The minimap is good, and scrolls and zooms well. The clickable map is nice, as it shows points of interest clearly and looks pretty in the meantime. The UI is decent, though some buttons that are described in the tutorials aren’t actually present, and other functions are non-intuitive. It looks good and is pretty clean, though, and what functions I’ve found are pretty easy to work with.
Loot boxes seem to be something common to Asian MMOs. Critters sometimes drop boxes that may hold different items, but you don’t know what they hold until you open them. Opening a box does a little slot machine roll bit to show that the item could be one of several potential items before you actually get the item. It’s an interesting way to consolidate backpack space, since the boxes stay in their Schroedinger state indefinitely, whereas if you open all boxes immediately, you might wind up with several different items in your pockets. I like that part of it. I’m just impatient with the whole “slot machine roll” bit, as well as the fact that you can’t open more than one box at once. (Say, to have something else to do while the box rolls through its quantum states.) You can run and walk around while crafting and opening boxes, so that’s nice… but the slot machine mechanism and being limited to opening one box at a time seems really clunky compared to the rest of the system.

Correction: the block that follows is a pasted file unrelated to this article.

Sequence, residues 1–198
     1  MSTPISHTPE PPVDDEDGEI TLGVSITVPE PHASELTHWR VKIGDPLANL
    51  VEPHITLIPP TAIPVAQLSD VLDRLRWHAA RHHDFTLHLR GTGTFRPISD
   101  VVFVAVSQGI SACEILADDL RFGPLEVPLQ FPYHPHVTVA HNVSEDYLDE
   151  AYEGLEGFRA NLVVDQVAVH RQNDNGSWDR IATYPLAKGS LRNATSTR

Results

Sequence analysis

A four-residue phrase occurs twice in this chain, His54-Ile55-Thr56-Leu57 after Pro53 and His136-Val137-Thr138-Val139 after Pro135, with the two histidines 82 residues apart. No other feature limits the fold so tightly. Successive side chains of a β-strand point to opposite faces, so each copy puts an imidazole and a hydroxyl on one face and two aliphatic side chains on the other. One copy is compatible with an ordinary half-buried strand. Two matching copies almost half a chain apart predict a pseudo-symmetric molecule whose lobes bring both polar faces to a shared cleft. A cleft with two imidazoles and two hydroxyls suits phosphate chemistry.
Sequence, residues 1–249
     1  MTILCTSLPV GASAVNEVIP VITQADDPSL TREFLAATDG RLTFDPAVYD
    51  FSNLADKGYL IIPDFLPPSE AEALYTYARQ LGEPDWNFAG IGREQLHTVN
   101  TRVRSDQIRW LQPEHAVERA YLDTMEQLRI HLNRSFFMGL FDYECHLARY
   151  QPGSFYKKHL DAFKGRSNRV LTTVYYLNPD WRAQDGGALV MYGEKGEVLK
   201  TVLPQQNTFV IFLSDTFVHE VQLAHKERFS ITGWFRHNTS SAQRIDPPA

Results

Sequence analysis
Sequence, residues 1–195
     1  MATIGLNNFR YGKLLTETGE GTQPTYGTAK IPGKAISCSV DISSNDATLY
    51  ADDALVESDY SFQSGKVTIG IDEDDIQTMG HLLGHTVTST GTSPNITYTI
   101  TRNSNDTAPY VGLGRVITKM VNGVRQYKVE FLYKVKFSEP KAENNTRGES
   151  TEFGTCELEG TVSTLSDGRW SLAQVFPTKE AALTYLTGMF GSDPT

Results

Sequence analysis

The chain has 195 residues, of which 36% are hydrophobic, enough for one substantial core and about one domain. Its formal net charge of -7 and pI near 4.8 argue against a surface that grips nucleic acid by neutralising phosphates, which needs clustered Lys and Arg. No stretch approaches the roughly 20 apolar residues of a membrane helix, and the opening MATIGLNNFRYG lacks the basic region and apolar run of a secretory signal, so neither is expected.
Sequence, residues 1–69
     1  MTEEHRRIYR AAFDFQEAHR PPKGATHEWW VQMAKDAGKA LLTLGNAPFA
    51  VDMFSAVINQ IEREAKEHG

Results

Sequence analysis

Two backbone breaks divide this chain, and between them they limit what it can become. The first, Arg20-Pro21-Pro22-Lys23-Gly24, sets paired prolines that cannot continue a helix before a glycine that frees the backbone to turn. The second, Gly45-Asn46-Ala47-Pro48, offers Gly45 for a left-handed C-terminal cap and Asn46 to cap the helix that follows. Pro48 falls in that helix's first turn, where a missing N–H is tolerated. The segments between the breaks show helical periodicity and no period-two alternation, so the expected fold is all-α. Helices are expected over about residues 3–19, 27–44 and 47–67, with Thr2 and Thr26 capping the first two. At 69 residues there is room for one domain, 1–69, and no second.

The world lore is interesting, what little of it I’ve read. There is some Engrish trouble that suggests players can be masters of three near-goddesses… which is a little puerile in its implications. Other translations are equally strange, but in the end, at least I understand most of what people are getting at. The translation is certainly much better than 4Story. Characters have personality that makes sense, and quest stories are appropriate and interesting, hinting at larger wheels and wheels within wheels of an overarching storyline. If nothing else, the real-world history interspersed with the myth of Atlantis makes for some good potential. I look forward to learning more about the world. The world is also heavily Eastern, which I like, since the publishers don’t seem to be afraid to embrace their cultural heritage. It doesn’t always translate to English well, but I greatly appreciate that thus far, it’s not blandly whitewashed to make things look and feel more “Western” for a worldwide audience. There are almost certainly differences for localization, but I like the distinct Asian feel that I’ve seen so far.
Grinding is a vilified activity, but sometimes it’s nice, in a Zen sort of way. Wizard101 (and maybe others) makes grinding mostly ineffective, since the experience granted by random critters or even boss farming is a pittance compared to questing. Atlantica Online seems to stike a decent balance. Experience is granted each time your characters hit something in combat (healers get exp for healing). Bonus experience is granted for killing strokes. (Which is another tactical concern; keep your team close in levels by carefully picking targets.) I’d actually like more experience, but that’s because I’ve got so many other things to do. The leveling curve seems good, as it’s not required to grind (quests give good experience), but grinding seems to have a discernable effect. It’s a nice balance, despite my wish for slightly faster leveling. (That’s more a matter of tuning and preference, rather than a fundamentally broken system.)